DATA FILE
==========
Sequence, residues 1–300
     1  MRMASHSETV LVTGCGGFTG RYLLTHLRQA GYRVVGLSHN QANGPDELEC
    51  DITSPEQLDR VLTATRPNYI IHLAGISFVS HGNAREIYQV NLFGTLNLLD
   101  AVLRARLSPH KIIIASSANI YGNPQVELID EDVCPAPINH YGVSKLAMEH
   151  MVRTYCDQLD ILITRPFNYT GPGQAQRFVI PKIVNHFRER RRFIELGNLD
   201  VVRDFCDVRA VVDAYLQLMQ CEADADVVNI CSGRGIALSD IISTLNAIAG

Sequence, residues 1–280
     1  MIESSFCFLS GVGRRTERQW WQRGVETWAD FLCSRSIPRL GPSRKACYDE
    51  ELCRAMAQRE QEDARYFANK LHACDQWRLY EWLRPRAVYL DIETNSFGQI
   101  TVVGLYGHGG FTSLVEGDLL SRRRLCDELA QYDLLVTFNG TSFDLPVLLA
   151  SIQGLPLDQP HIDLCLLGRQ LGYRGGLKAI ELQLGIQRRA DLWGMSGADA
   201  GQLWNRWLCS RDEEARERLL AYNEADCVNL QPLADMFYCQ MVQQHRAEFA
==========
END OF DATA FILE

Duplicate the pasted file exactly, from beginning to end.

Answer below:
Sequence, residues 1–300
     1  MRMASHSETV LVTGCGGFTG RYLLTHLRQA GYRVVGLSHN QANGPDELEC
    51  DITSPEQLDR VLTATRPNYI IHLAGISFVS HGNAREIYQV NLFGTLNLLD
   101  AVLRARLSPH KIIIASSANI YGNPQVELID EDVCPAPINH YGVSKLAMEH
   151  MVRTYCDQLD ILITRPFNYT GPGQAQRFVI PKIVNHFRER RRFIELGNLD
   201  VVRDFCDVRA VVDAYLQLMQ CEADADVVNI CSGRGIALSD IISTLNAIAG

Sequence, residues 1–280
     1  MIESSFCFLS GVGRRTERQW WQRGVETWAD FLCSRSIPRL GPSRKACYDE
    51  ELCRAMAQRE QEDARYFANK LHACDQWRLY EWLRPRAVYL DIETNSFGQI
   101  TVVGLYGHGG FTSLVEGDLL SRRRLCDELA QYDLLVTFNG TSFDLPVLLA
   151  SIQGLPLDQP HIDLCLLGRQ LGYRGGLKAI ELQLGIQRRA DLWGMSGADA
   201  GQLWNRWLCS RDEEARERLL AYNEADCVNL QPLADMFYCQ MVQQHRAEFA